The revolutionary currents of Constantinople at the time were extremely varied; the unpopularity of the Abdul Hamid II regime had by this time awakened diverse revolutionary sentiment in Constantinople. He inaugurated the first CUP office in Diyarbakır in July 1908.[18] In September 1909 he moved to Selanik, where he became a member of the CUP Central Committee in 1910. There he cofounded a literary and cultural journal, Genç Kalemler.[19] While residing in Salonika, Talaat Pasha was often a guest in his house, where they delved into political discussions. It was also during his stay in Selanik that he began using the penname Gökalp and his future role within the CUP was to be determined.[20] In 1912, he moved back to Constantinople, as did the CUP.[21] Gökalp was one of the regular contributors of the political magazine İslam Mecmuası from 1914 to 1918[22] and the military journal Harp Mecmuası between 1915 and 1918.[23]

After World War I, he was arrested for his involvement in the Committee of Union and Progress[24] and exiled to Malta for two years between 1919 and 1921.[25]

While exiled on Malta, he continued to write and consolidate his ideas and drafted his Principles of Turkism, published in 1923. He returned to Turkey in the spring of 1921, but was not given back his chair at the University of Istanbul. He settled in his hometown of Diyarbakır where he taught sociology and psychology at a secondary school and teacher's seminary.[26] He began publishing a small weekly newsletter, Küçük Mecmua, which slowly became influential and led to contributions in the major daily newspapers of Istanbul and Ankara. At the end of 1922, Gökalp was invited to direct the department of publication and translation at the Ministry of Education. He was selected to serve as a member of the Grand National Assembly of Turkey until his death in 1924, and he served on the Committee for Education[27] which reformed the school system, curriculum and textbooks according to his guidance. He emphasized that the education provided should include Turkism, Modernism and Islamism. Besides Turkish culture and language, he advocated for the inclusion of Persian and Arabic language, the Quran and mathematics, physics and some European languages in the curriculum.[28] Additionally, he participated in the drafting of the 1924 constitution.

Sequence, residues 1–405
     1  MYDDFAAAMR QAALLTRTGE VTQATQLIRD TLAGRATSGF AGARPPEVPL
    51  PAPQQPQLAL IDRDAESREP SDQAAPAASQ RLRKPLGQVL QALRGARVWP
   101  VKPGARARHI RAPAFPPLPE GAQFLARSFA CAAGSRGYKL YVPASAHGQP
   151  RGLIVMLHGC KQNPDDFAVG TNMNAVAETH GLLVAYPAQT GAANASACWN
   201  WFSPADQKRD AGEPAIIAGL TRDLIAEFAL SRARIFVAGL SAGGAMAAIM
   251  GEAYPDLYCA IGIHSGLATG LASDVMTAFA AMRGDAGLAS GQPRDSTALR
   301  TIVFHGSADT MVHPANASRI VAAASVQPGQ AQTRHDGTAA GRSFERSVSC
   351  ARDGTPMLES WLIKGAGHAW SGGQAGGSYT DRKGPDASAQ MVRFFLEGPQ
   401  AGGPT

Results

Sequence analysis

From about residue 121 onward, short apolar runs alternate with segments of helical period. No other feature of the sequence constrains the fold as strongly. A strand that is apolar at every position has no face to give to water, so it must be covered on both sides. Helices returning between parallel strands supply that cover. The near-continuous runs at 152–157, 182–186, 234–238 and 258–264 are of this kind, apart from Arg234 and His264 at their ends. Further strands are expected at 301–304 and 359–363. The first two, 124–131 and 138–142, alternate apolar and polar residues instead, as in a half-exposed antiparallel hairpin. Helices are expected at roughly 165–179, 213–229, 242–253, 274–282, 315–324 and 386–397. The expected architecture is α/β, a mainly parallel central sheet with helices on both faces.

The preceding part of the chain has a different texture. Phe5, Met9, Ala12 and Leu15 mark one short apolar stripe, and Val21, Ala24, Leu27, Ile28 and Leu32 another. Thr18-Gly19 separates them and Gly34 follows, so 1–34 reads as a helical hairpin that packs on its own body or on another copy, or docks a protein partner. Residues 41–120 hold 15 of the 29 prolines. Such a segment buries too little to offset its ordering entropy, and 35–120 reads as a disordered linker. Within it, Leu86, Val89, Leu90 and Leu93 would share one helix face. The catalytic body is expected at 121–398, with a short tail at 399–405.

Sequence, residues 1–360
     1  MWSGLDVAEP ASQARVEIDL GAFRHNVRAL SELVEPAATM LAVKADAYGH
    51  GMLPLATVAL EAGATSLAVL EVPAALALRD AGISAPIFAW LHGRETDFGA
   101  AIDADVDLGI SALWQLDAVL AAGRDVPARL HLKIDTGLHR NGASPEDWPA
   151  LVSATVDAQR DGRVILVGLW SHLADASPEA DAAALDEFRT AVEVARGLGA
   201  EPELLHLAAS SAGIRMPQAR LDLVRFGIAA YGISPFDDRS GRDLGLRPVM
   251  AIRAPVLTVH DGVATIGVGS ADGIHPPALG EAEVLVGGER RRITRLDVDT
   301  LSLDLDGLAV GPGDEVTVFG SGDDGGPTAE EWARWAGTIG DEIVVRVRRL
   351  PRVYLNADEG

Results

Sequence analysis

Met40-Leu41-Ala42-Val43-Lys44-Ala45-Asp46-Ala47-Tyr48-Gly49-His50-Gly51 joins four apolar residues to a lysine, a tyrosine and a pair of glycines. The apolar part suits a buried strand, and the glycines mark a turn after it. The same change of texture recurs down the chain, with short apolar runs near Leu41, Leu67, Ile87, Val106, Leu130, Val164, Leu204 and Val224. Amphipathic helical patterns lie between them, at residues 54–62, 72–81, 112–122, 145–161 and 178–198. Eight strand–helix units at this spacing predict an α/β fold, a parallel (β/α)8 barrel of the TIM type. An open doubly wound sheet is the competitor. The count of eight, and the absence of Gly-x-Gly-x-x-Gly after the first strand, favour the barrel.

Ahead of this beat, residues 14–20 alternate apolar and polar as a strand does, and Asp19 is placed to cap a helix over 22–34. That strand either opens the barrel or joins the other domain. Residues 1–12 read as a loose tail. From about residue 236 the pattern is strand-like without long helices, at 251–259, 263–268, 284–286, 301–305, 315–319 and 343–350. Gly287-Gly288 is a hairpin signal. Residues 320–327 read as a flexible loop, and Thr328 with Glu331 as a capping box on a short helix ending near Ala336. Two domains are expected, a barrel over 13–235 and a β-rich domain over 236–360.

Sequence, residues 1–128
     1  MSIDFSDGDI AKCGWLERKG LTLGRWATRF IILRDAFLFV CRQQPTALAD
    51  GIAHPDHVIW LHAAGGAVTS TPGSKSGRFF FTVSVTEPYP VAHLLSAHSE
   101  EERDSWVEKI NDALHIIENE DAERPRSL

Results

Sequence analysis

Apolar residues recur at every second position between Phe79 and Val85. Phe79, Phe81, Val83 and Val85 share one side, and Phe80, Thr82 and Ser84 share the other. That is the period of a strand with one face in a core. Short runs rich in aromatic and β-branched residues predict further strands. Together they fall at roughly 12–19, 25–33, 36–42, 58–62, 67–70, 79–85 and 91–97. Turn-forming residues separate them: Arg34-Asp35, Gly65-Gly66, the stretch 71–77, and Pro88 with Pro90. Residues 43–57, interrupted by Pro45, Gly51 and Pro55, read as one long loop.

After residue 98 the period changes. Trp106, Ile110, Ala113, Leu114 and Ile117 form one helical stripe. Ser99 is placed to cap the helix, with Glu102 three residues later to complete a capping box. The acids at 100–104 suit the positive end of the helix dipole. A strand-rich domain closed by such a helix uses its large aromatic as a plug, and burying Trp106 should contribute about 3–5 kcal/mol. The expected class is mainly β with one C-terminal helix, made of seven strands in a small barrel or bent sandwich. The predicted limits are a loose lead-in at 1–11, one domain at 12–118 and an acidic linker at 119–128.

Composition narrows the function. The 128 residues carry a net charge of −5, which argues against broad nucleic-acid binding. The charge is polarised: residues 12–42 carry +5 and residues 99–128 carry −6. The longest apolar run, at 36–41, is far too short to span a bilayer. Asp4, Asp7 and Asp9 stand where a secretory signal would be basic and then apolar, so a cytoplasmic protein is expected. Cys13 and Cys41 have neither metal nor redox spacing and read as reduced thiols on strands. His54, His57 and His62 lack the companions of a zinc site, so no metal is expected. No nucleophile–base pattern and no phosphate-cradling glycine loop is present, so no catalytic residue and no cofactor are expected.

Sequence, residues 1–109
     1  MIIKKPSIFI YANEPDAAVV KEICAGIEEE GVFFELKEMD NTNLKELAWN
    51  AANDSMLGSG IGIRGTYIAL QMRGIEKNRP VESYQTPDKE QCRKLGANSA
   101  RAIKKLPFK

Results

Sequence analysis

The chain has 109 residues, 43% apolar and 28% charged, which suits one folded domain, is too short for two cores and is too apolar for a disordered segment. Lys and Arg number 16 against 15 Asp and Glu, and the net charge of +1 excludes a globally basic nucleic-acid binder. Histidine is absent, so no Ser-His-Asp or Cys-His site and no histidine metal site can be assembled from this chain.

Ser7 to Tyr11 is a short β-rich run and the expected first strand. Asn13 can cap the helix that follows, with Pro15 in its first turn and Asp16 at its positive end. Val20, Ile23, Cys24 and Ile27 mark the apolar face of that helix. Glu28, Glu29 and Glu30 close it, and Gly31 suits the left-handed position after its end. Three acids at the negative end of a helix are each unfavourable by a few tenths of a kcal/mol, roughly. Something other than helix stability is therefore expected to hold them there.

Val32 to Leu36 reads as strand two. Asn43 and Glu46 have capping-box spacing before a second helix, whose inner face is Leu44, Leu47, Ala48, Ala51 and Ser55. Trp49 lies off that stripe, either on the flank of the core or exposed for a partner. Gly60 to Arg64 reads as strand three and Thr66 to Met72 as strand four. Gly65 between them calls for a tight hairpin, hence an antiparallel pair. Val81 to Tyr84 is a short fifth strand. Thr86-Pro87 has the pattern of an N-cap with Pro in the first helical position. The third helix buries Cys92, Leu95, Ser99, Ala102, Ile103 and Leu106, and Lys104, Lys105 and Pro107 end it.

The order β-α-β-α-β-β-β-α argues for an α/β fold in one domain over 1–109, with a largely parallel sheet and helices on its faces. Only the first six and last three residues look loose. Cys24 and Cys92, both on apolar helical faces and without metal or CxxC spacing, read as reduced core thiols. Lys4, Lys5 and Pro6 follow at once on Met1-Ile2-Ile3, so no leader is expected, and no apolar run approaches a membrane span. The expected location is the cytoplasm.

Ziya Gökalp was the owner of land which included 5 villages in the northeast of Diyarbakır.[29]

Personal life and death[edit]

Ziya Gökalp was married, and his daughter was named Hürriyet as a reference to the revolution of the Committee of Union and Progress in 1908.[30] He died on 25 October 1924 in Istanbul, where he went to rest after a short illness in 1924.


Gökalp's work, in the context of the decline of the Ottoman Empire, was instrumental in the development of Turkish national identity, which he himself referred to even then as Turkishness. He believed that a nation must have a "shared consciousness" in order to survive, that "the individual becomes a genuine personality only as he becomes a genuine representative of his culture".[4] He believed that a modern state must become homogeneous in terms of culture, religion, and national identity.[31] This conception of national identity was augmented by his belief in the primacy of Turkishness, as a unifying virtue. In a 1911 article, he suggested that "Turks are the 'supermen' imagined by the German philosopher Nietzsche".[31]

The grave of Gökalp in Istanbul

His major sociological work was interested in differentiating Avrupalılık ("Europeanism", the mimicking of Western societies) and Modernlik ("Modernity", taking initiative); he was interested in Japan as a model in this, for what he perceived to be its having modernized without abandoning its innate cultural identity. Gökalp suggested that to subordinate "culture" (non-utilitarianism, altruism, public-spiritedness) to "civilization" (utilitarianism, egoism, individualism) was to doom a state to decline: "civilization destroyed societal solidarity and morality".[32]